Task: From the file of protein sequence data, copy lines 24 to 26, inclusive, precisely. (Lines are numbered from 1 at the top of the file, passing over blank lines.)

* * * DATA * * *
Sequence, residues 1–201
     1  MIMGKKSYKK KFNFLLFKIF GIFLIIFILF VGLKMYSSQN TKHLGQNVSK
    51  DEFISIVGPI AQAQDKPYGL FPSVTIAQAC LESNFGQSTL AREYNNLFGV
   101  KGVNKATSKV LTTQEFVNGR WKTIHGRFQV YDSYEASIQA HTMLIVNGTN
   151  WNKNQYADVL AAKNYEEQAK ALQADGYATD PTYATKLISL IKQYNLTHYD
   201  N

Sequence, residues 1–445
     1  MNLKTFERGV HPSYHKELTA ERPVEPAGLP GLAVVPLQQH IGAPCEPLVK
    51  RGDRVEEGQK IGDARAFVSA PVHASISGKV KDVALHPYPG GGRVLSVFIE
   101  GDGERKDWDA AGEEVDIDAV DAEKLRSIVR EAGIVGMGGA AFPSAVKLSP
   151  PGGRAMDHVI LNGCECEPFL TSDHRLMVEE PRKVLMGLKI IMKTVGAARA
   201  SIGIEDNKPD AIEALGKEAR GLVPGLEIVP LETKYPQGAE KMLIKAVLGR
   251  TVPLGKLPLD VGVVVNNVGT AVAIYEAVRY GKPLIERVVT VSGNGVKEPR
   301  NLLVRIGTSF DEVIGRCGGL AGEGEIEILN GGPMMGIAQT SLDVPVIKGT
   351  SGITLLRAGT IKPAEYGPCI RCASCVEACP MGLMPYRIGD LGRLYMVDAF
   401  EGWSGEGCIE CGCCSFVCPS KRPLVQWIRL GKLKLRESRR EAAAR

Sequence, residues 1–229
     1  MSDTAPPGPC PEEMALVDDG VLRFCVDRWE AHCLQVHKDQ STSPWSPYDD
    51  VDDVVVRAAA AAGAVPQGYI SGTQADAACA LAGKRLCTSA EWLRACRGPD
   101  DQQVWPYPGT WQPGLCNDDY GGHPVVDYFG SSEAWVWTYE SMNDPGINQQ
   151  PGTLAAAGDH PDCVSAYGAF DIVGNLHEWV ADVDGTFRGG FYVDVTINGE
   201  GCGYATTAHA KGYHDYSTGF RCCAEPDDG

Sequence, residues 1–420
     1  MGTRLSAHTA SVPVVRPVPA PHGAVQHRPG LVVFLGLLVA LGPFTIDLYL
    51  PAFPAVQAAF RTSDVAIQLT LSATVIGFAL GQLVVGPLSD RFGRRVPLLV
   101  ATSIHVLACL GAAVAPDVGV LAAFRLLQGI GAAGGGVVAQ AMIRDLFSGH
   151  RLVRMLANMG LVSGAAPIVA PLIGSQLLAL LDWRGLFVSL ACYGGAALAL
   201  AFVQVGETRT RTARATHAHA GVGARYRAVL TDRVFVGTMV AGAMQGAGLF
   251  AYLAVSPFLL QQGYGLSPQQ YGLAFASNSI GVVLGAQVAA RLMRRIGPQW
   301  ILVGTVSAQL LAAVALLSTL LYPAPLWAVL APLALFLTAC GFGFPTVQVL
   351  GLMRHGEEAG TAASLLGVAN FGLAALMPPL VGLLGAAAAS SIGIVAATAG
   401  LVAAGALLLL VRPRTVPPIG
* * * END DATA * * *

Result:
     1  MGTRLSAHTA SVPVVRPVPA PHGAVQHRPG LVVFLGLLVA LGPFTIDLYL
    51  PAFPAVQAAF RTSDVAIQLT LSATVIGFAL GQLVVGPLSD RFGRRVPLLV
   101  ATSIHVLACL GAAVAPDVGV LAAFRLLQGI GAAGGGVVAQ AMIRDLFSGH